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Mercury from dental amalgam: looking beyond the average
  1. L Barregard
  1. Correspondence to:
 Professor L Barregard
 Department of Occupational and Environmental Medicine, Sahlgrenska University Hospital and Academy, PB 414, 405 30 Goteborg, Sweden;

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Commentary on the paper by Dye et al (see page 368)

Mercury (Hg) is a toxic heavy metal occurring in several physical and chemical forms. Elemental mercury (Hg0) emitted to the atmosphere is converted to soluble forms, deposited into soil and water, and methylated. Methylmercury (MeHg) bioaccumulates up the aquatic food chain and reaches the human diet.1,2 Fish and dental amalgam are two major sources of human exposure to organic and inorganic Hg, respectively.

Even when dental mercury amalgam (at present about 50% mercury by weight) was introduced more than 150 years ago there was concern about its toxicity. After several “amalgam wars”, the safety of dental amalgam was established, however, and no uptake of mercury was supposed to occur from amalgam fillings. The debate was revived more than two decades ago in Europe, and then in North America. In the 1980s several studies confirmed that dental amalgam is a significant source of exposure to mercury in humans, mainly by inhalation of Hg0.1,2 New assessments of exposure and risk were made by national bodies.3,4 Usually the conclusions were that dental amalgam is a source of low level exposure to mercury, but there is no evidence of adverse health effects at these levels. In some countries strong anti-amalgam groups have formed, and policy has changed, aiming at decreasing or abolishing the use of dental amalgam.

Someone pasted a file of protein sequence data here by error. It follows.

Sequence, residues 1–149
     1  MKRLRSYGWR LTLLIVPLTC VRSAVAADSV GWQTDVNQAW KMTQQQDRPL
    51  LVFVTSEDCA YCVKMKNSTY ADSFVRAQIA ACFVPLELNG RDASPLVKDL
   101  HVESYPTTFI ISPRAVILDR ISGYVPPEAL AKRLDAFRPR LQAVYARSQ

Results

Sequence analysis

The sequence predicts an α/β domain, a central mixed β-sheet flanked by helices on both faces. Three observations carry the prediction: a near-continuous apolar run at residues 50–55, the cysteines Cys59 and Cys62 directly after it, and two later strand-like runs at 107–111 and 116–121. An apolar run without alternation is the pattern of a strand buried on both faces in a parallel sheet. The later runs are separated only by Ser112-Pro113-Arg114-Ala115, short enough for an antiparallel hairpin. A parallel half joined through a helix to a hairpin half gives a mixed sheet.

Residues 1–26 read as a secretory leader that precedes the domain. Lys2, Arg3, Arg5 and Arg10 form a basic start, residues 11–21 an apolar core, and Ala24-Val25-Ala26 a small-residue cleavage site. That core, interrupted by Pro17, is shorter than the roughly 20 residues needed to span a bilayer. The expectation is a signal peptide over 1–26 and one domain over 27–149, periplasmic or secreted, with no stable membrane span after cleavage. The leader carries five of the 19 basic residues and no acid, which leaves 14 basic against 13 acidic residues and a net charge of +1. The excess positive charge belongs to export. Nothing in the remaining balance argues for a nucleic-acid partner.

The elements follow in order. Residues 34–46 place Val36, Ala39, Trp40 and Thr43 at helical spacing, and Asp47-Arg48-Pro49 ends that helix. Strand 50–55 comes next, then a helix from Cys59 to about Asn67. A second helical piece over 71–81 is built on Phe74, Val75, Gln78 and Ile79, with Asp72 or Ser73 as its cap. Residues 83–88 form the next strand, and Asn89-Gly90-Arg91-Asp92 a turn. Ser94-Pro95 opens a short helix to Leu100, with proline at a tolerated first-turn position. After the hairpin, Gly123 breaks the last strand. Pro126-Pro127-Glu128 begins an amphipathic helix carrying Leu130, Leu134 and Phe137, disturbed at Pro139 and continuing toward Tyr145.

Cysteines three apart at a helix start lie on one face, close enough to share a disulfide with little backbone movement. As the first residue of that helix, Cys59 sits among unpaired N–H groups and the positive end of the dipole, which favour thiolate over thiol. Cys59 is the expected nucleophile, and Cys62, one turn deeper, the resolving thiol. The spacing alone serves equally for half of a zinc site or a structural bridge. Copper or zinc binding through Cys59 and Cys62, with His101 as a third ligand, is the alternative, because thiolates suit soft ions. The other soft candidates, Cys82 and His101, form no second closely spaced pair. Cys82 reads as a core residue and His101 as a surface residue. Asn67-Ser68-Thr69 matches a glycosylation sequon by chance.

The scientific discussion has focused on two questions: What is the dose? Could it cause symptoms and/or disease?


In this issue, Dye and coworkers present recent data on urinary mercury (U-Hg) in a representative sample of about 1600 US women aged 16–49 years from the NHANES study of 1999–2000.5 This is an important piece of information on …

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  • Competing interests: none

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